Rapid Risk Stratification for Obstructive Sleep Apnea, Based on Snoring Severity and Body Mass Index

  title={Rapid Risk Stratification for Obstructive Sleep Apnea, Based on Snoring Severity and Body Mass Index},
  author={Luc G. T. Morris and Andrew J. Kleinberger and Kelvin C. Lee and Lisa A. Liberatore and Omar E. Burschtin},
  journal={Otolaryngology–Head and Neck Surgery},
  pages={615 - 618}
Objective It is unclear whether all snoring patients require polysomnography, and there are no highly sensitive clinical predictors of sleep apnea. [...] Key Method Study Design Prospective, IRB-approved study at a university sleep disorders center. Subjects and Methods In 211 patients undergoing polysomnography, snoring severity, Epworth sleepiness scale, body mass index, demographic, and sleep study data were collected.Expand
Clinical Prediction Model for Obstructive Sleep Apnea among Adult Patients with Habitual Snoring
  • Hsin-Ching Lin, C. Lai, +5 authors Chien-Hung Chin
  • Medicine
  • Otolaryngology--head and neck surgery : official journal of American Academy of Otolaryngology-Head and Neck Surgery
  • 2019
This study has distinguished the correlations between sex, uFTP, tonsil size, and BMI grade and the presence and severity of obstructive sleep apnea/hypopnea syndrome. Expand
Prospective trial on obstructive sleep apnea in pregnancy and fetal heart rate monitoring.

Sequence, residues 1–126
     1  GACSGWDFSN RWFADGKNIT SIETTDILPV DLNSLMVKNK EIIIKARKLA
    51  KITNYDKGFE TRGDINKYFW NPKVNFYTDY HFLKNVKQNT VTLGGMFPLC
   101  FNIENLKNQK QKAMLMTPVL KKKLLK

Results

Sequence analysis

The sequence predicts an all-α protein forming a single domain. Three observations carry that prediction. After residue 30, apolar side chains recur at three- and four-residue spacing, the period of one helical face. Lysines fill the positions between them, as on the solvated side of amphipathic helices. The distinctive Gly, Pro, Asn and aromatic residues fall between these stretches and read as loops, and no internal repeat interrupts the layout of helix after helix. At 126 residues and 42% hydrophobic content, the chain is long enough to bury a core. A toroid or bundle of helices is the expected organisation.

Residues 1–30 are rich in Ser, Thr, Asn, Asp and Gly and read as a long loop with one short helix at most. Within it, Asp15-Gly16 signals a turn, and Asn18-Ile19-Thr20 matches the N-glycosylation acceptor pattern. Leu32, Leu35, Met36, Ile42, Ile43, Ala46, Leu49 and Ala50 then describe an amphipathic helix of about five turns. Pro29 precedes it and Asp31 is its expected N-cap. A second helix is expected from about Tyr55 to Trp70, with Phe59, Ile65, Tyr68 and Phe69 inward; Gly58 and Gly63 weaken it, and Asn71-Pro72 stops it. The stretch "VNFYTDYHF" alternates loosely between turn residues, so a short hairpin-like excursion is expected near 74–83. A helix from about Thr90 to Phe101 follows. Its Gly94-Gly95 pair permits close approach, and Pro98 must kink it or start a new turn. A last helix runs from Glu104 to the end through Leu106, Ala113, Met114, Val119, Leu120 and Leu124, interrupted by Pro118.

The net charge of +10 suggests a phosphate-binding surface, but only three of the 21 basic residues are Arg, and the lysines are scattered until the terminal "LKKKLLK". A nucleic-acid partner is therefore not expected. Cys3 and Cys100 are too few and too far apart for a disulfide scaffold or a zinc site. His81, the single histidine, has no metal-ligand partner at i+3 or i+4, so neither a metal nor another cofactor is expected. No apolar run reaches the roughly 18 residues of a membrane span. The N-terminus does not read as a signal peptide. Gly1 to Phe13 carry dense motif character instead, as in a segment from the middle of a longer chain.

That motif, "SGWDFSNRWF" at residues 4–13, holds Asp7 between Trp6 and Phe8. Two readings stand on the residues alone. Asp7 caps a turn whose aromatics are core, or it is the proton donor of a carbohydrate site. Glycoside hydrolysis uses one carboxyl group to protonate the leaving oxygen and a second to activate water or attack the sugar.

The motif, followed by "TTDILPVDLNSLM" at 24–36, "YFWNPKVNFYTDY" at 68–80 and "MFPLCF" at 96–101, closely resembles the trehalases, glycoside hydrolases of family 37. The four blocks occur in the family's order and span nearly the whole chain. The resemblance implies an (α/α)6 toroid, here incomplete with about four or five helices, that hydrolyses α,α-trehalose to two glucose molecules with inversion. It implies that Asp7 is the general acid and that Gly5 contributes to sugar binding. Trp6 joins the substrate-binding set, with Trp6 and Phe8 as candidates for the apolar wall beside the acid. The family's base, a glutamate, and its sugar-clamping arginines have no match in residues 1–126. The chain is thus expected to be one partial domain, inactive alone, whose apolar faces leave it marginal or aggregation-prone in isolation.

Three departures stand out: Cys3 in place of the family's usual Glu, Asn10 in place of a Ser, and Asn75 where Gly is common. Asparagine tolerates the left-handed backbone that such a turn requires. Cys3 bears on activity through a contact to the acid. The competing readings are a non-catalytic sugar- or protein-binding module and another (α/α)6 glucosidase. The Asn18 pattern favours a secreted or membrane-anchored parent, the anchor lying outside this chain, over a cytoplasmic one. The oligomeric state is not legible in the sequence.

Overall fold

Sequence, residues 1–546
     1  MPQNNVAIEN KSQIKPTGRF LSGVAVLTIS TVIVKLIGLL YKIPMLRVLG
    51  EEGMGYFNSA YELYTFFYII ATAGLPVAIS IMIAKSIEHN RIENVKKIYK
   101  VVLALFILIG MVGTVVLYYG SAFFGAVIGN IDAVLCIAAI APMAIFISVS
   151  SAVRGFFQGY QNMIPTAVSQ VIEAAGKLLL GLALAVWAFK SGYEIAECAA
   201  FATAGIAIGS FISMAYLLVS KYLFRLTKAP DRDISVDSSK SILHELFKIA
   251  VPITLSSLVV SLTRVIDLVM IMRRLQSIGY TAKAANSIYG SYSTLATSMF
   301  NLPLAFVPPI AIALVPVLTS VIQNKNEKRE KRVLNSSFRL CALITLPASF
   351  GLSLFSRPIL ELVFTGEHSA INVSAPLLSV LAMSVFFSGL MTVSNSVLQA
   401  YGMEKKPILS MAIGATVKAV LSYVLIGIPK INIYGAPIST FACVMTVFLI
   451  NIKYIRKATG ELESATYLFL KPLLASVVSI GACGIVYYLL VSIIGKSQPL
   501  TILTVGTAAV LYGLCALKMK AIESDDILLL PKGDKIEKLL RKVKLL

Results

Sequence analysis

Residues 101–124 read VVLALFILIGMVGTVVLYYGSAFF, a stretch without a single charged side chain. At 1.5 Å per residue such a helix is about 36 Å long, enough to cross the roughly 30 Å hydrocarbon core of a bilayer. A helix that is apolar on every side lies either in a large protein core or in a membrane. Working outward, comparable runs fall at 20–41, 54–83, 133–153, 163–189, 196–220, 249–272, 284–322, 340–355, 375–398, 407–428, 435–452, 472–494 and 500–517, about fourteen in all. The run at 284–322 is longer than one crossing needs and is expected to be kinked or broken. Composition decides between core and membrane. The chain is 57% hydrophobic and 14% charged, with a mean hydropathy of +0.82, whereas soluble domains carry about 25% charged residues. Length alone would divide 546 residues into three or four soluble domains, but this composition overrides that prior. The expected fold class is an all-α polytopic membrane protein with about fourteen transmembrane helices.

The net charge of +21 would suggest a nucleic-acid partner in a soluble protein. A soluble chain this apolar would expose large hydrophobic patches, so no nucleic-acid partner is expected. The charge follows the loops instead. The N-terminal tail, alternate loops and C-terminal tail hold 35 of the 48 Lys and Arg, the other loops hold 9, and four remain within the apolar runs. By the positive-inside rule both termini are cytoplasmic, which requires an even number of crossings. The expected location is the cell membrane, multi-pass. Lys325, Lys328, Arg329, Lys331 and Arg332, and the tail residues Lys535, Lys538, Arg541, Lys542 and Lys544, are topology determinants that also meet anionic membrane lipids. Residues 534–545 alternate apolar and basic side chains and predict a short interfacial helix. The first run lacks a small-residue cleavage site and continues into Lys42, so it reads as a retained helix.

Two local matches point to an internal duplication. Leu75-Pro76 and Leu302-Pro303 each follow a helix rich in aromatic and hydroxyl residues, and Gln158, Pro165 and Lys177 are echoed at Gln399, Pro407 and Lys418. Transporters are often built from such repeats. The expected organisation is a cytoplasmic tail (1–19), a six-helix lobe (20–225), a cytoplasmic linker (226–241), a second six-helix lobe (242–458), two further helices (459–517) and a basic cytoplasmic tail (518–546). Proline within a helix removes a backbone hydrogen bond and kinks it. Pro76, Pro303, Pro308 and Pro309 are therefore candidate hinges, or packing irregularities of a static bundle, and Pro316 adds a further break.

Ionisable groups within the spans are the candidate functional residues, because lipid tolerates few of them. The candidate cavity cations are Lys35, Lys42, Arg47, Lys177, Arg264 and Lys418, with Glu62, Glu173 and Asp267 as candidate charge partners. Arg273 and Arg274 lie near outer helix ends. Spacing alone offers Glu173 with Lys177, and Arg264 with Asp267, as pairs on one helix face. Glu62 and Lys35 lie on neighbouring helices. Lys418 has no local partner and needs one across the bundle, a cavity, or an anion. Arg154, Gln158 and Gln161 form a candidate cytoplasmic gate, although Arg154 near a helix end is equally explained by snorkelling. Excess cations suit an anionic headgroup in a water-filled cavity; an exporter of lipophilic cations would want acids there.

In pregnancy, the Berlin questionnaire poorly predicts OSA, and it is unclear whether fetal compromise during maternal apnea is a mechanism in OSA that is related to pregnancy outcome. Expand
Correlation between subjective classification of snoring and the apnea-hypopnea index
There is a positive correlation between the intensity of snoring and OSAS severity, and it can infer that a patient with loud and intense snoring has a greater chance of developing moderate to severe OSAS. Expand
Body mass index as an indicator of obstructive sleep apnea in pediatric Down syndrome.
When age and sex adjusted, BMI has a statistically significant association with the presence of OSA in Down syndrome patients, and the incidence of Osa also increases with increasing age in this population. Expand
A Pilot Study: Is Snoring During Pediatric Dental Procedures Indicative of Obstructive Sleep Apnea?
Snoring alone during pediatric dental procedures does not appear to be indicative of obstructive sleep apnea, and recognition of pediatricSleep apnea may be enhanced through questionnaires and adding snore analysis to home-based sleep apiency screening. Expand
Snoring time versus snoring intensity: Which parameter correlates better with severity of obstructive sleep apnea syndrome?
The snoring rate and maximal intensity of snoring correlate better with the severity of OSAS than average snoring intensity. Expand
Multi-feature snore sound analysis in obstructive sleep apnea-hypopnea syndrome.
The results establish the feasibility of developing a snore-based OSAHS community-screening device, which does not require any contact measurements and is based solely on snore sound analysis. Expand